It was also an extremely well-dressed crowd. I assumed people would dress comfortably for chemo. I wore track pants, a stretchy t-shirt, a cotton hoodie, and sandals. Most of the other women were much dressier. I felt downright shabby. But then again, not everyone was there for chemo, as the waiting room accommodates patients coming in to see their doctors, just as I had a few short weeks earlier.
Before seeing Dr K for a pelvic exam, I was called back to Fast Track for blood work. They would be accessing my chest port for the very first time, and I was a little nervous about that. It had only been inserted three days prior and the area was still sore and bruised. The nurse sprayed the port with a blast of ice cold Lidocaine, put face masks on both of us to prevent any chance of germs entering the port leading to infection, and inserted the needle. I felt it, but barely, and I’ll take that any day over inserting an IV into my wrist.
Afterwards I saw Dr K for a very quick pelvic exam, and then we were sent back to the waiting room where we waited for about thirty minutes before being called back to our chemo room. By this time I was very nervous.
Finally, we were called back. The chemo rooms at my cancer center are all individual rooms. Each room has a TV, DVD, a recliner, and two chairs for visitors. I settled into the recliner for my very first chemo treatment ever.
Right off the bat there was trouble. The very nice nurse told Michael she didn’t think he could record in the hospital. He explained that he was recording me for personal purposes only. Then my daughter got called out into the hall and I heard whispering. In the meantime, the nurse explained about the drugs she was going to pump into me through the IV port and exactly how chemo worked. She told me getting an IV port was a great decision, and explained how hard chemo is on the veins. Dominique came back into the room and Michael was called out to the hallway.
Great. Michael and that damn camera of his getting us all in trouble.
Eventually, the very nice head of PR came down to tell Michael that videoing in the room was not a problem at all, but I needed to sign a release form. Also, because of HIPAA and confidentiality, he was not allowed to video any of the patients (which we already knew). If we wanted to use any of the video for commercial purposes, that would also not be a problem, but we would have to fill out some paperwork. The hospital staff laughed nervously, explaining how this was all a first for them. They laughed nervously again when Michael took out his iPhone and showed them how anyone could do exactly the same thing he was doing, only without the expensive video camera, and without being hassled about it.
This was my “easy” chemo day, the day I would receive the drug Taxol–which is the drug that will be responsible for making me lose my hair. It was considered an easy day because it would take only a few hours to administer.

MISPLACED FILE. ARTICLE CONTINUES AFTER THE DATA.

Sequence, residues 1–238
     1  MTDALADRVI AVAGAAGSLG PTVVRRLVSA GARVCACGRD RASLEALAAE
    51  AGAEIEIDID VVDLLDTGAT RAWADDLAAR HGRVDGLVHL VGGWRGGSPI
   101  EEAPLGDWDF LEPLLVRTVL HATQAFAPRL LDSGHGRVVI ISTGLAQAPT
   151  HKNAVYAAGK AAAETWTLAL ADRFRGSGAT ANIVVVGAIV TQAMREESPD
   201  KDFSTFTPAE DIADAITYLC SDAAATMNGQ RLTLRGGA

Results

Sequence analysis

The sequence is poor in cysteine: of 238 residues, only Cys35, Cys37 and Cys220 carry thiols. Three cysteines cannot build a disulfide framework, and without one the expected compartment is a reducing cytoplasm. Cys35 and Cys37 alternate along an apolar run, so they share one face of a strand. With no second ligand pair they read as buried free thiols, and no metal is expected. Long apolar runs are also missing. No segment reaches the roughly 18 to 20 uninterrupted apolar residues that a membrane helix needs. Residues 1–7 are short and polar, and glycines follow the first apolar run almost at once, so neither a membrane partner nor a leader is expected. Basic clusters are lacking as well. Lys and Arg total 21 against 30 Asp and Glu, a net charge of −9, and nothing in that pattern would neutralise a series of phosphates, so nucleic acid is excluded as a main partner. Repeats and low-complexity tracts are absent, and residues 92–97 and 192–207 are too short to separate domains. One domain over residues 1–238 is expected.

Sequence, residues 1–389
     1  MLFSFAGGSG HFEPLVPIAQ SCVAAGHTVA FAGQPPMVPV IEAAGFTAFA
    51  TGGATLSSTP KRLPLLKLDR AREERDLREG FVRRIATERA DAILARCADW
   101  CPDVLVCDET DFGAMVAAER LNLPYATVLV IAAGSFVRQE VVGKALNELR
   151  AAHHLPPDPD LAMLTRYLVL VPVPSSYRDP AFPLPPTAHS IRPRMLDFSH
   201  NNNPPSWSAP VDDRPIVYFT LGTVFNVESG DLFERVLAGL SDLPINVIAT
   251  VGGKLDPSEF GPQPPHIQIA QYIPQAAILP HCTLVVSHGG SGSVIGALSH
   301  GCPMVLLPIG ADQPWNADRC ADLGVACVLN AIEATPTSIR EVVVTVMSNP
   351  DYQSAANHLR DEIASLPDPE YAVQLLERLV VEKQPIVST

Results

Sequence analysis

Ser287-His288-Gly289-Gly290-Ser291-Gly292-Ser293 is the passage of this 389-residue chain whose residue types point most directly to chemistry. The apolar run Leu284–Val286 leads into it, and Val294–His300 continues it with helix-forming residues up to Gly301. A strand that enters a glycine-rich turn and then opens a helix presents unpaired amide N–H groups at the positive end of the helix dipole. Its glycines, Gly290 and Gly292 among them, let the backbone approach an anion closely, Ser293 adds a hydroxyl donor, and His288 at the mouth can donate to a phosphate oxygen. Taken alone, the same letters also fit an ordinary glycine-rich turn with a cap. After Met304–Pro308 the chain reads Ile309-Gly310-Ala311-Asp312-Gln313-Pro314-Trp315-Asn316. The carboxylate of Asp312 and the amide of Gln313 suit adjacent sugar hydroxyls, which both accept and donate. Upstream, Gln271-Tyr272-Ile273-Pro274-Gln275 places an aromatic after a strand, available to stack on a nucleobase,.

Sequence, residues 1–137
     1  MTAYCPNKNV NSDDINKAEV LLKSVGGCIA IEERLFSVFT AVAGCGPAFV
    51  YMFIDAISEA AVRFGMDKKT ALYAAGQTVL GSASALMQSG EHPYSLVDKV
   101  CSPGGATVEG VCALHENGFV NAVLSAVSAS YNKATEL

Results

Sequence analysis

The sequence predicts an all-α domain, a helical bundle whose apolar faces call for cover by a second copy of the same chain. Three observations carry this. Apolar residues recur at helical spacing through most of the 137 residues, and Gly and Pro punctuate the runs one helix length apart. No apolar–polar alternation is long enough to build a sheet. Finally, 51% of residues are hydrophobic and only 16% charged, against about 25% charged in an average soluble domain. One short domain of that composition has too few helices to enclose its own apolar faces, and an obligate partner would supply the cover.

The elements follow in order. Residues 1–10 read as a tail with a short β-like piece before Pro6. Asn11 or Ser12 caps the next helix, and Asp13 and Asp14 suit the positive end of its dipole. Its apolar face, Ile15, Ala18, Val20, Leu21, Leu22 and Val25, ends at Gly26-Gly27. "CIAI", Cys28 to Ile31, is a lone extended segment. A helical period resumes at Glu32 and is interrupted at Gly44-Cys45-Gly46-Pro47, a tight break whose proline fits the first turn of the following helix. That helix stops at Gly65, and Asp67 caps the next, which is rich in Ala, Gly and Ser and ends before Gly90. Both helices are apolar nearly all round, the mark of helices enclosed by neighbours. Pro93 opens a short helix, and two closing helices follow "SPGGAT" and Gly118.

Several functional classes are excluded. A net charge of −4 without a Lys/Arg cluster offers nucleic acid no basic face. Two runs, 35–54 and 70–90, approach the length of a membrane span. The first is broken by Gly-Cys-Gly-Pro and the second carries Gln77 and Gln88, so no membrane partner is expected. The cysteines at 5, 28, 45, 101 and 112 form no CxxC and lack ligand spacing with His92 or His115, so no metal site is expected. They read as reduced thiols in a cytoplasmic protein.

Benadryl was given first to counter some of the possible allergic reactions to the drug. I have only taken Bendadryl a few times in the past, in tablet form when my allergies were bad, and each time I felt like a drugged and dopey mess. I generally avoided it at all costs. This time the dose was much higher and it would be going straight into my veins.
The effect of the Benadryl felt like a palpable wave of dopiness, like being dunked in a huge vat of vodka. Within minutes my speech was slurry and I couldn’t finish a sentence without forgetting what I wanted to say. I felt drunk. The nurse told me I might want to just take a nap, but it was impossible because I couldn’t stop moving my legs. I later found out this was “restless leg syndrome,” caused by the Benadryl. My sympathies to anyone who suffers from this affliction. It drove me crazy. All I wanted to do was get up and walk around and make it stop.
After getting some additional saline and steroids, the chemo drug, Taxol, was finally hooked up to the IV tree and administered. The nurse put on her special blue chemo outfit (to protect her from the drug, which could cause, ironically, a higher risk of future cancer for herself) and I was ready to go home an hour later.
All in all, I thought it was pretty tame. I bragged about how “it wasn’t so bad after all” and how much easier it was than I thought it would be. I had heard nothing but horror tales of the difficulties of chemo, and it didn’t seem like that big of a deal to me.
I went home and ate normally that night, and didn’t seem to feel too many effects the next morning when I went back in for my next chemo treatment. This time it would be Cisplatin, administered directly into my peritoneum (abdominal cavity) via my second port, just under my left breast.
And this, my friends, would be an entirely different experience altogether.